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To Have and Have Not: Arts Education in American Public Schools

Before I start this entry, will everyone join me in wishing Jane Remer a VERY HAPPY BIRTHDAY!!!
A couple of years ago I was attending a conference on arts education,convened by the United States Department of Education for its AEMDD and Professional Development grantees.
One of the panel sessions involved arts education and trauma. In this particular case there were two presentations, one by Echo Olander, Executive Director of Kidsmart in New Orleans; the other by Carol Fineberg about the School Arts Rescue Initiative of the New York Times Company Foundation.

In a nutshell, the presentations looked at the positive role arts education played in the lives of children who had suffered significant trauma. Echo focused on Hurricane Katrina; Carol, on 9/11.

It was a remarkable presentation, that sadly enough was not all that well attended. Most attendees apparently preferred to attend more traditional presentation on instructional issues.

What became abundantly clear was that the arts provided a wide-range of vitally important experiences and pathways for students, teachers, parents, and medical professionals.

There were the psychologists and social workers who used the arts to help diagnose and connect to children.

There were the children who could not be adequately understood except through paintings, drawings, theater games, etc.

There was the role the arts played in providing a a form of therapy to help the children comprehend and process what had happened to their lives and world around them, and of course, the complex and difficult set of emotions and cognitive challenges they were dealing with.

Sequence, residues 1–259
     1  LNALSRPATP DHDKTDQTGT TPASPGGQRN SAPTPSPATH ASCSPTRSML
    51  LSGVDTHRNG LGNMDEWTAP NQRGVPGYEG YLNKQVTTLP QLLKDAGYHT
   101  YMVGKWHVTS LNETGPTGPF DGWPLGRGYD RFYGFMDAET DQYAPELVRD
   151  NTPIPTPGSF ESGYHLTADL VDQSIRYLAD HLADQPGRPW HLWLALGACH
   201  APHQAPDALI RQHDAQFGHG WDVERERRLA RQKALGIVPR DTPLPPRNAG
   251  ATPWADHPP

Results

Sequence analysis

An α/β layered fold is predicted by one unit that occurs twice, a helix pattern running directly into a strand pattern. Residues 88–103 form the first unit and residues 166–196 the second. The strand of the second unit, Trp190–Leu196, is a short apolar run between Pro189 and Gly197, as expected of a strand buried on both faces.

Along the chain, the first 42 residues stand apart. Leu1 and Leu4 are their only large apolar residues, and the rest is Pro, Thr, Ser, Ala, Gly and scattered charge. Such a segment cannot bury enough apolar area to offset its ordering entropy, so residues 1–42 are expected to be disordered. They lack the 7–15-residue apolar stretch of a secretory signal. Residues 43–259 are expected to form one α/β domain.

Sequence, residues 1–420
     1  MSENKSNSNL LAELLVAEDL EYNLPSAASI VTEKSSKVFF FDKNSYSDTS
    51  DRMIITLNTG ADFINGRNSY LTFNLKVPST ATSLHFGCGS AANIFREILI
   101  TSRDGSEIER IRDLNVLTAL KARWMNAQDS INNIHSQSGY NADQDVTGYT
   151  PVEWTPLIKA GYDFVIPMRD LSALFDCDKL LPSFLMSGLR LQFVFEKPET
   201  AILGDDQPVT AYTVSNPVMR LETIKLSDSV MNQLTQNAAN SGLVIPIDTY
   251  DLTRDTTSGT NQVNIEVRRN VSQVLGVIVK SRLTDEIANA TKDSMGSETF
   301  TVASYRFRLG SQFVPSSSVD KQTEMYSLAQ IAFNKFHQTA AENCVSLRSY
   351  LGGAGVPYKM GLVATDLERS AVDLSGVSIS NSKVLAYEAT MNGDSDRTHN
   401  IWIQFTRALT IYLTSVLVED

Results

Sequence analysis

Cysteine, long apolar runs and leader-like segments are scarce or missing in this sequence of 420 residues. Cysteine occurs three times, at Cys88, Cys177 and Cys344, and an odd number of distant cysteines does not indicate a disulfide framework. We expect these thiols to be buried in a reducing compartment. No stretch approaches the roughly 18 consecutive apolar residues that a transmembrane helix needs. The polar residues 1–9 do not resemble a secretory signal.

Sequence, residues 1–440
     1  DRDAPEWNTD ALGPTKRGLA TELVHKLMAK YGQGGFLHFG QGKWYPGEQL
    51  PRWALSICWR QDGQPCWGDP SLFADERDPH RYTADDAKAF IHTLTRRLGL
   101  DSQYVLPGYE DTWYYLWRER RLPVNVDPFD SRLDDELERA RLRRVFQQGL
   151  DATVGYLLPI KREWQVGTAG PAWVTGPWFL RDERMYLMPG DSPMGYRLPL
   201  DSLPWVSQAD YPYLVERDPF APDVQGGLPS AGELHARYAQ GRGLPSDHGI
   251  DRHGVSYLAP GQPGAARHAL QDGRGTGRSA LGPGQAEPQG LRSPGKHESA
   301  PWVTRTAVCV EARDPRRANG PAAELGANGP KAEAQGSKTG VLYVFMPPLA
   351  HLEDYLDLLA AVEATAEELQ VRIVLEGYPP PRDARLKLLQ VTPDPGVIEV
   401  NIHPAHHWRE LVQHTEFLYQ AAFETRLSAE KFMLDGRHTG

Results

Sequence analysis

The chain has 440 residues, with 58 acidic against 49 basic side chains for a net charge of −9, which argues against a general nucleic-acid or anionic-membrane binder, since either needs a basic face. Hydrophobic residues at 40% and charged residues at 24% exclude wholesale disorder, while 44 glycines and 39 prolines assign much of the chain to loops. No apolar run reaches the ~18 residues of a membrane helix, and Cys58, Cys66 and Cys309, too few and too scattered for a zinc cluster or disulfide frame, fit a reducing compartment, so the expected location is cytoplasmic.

There was the simple beauty and kindness that the gift of the arts provided for each child, helping them to see that someone cared for and about them.

And, I only wish I had the skills to adequately describe how obvious it was to everyone involved that the arts played an absolutely crucial role in all of this supporting these children and moving them forward through the trauma they had experienced.

In essence, the arts played a fundamental role, understood well by those charged to support these children.

As I was listening and watching on screen presentations (film, photography, etc.), I started to think that the core of what we being presented here was basically why I was in this field. It struck a very deep and profound chord as to what I believe the arts can bring to the table and why every child is entitled to a quality arts education as a human right.

That’s correct, no hyperbole: a human right.

Let me elaborate.

The arts are often denied those who are deemed to be in need of remediation. For those students in schools not making adequate progress (annual yearly progress, in NCLB terms), for those students in generally low performing schools, for those students in who are over age, or at risk of dropping out, or at risk of being left back, the arts are often denied in favor of extra work in reading and math.